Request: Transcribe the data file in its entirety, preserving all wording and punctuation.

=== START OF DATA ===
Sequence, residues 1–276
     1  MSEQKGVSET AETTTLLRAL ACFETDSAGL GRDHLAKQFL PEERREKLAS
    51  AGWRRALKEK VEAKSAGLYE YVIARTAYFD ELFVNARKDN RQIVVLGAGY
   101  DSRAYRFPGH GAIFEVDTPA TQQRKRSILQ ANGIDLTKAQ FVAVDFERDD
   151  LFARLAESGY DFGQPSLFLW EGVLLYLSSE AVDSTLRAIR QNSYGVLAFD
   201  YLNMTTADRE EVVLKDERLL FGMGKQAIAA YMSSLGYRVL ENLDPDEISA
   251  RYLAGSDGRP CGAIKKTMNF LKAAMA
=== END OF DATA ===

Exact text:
Sequence, residues 1–276
     1  MSEQKGVSET AETTTLLRAL ACFETDSAGL GRDHLAKQFL PEERREKLAS
    51  AGWRRALKEK VEAKSAGLYE YVIARTAYFD ELFVNARKDN RQIVVLGAGY
   101  DSRAYRFPGH GAIFEVDTPA TQQRKRSILQ ANGIDLTKAQ FVAVDFERDD
   151  LFARLAESGY DFGQPSLFLW EGVLLYLSSE AVDSTLRAIR QNSYGVLAFD
   201  YLNMTTADRE EVVLKDERLL FGMGKQAIAA YMSSLGYRVL ENLDPDEISA
   251  RYLAGSDGRP CGAIKKTMNF LKAAMA